The county claims the federally chartered mortage lenders unlawfully refused to pay state deed transfer taxes.
Hennepin County has filed a federal lawsuit against Fannie and Freddie Mac, saying the mortgage lenders shortchanged Minnesota counties millions of dollars by failing to pay the state's deed transfer tax.
The suit seeks more than $10 million.
The lenders acquired an unusually large number of properties through foreclosure in recent years and later resold them, the county said. But Fannie and Freddie Mac argued that they did not have to pay the fees to transfer ownership of the homes because Minnesota law exempts the U.S. or any of its agencies from paying those taxes, and the federal charter for the corporations says they are exempt from state and county taxation.
Hennepin County is following the lead of Oakland County, Michigan, which filed a similar lawsuit and won. In March, a U.S. District Court judge for the Eastern District of Michigan ruled that the federal law exempting those lenders from "all taxation" does not refer to real estate transfer taxes.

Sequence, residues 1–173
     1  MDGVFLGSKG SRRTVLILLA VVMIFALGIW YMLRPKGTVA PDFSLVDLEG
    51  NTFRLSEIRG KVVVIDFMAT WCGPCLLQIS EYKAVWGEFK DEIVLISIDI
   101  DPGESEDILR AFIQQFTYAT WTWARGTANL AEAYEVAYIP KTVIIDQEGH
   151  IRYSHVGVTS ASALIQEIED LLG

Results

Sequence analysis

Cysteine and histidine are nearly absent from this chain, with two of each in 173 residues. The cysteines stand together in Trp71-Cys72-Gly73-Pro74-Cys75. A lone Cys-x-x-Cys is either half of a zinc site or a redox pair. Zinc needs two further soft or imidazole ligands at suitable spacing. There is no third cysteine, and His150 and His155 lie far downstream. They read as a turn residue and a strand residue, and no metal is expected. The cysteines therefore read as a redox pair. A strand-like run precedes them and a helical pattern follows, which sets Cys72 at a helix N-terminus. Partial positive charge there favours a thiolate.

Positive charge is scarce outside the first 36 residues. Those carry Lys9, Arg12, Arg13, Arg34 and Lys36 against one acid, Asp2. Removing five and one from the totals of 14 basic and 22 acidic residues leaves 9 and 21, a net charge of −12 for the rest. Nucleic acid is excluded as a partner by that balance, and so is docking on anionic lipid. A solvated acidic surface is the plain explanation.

Other local governments in North Carolina, Ohio, Connecticut, Florida, Illinois, and other states have filed similar lawsuits in recent months.
Minnesota receives 97 percent of the deed transfer tax revenues, and the counties keep 3 percent to recoup the cost of collecting the taxes. The Hennepin County lawsuit seeks a judgment that would require Fannie and Freddie Mac to pay deed taxes they would have owed since February 2006, interest on the unpaid taxes and attorneys' fees.
The suit also seeks a ruling that the corporations cannot claim such an exemption in the future.
Maya Rao • 612-673-4210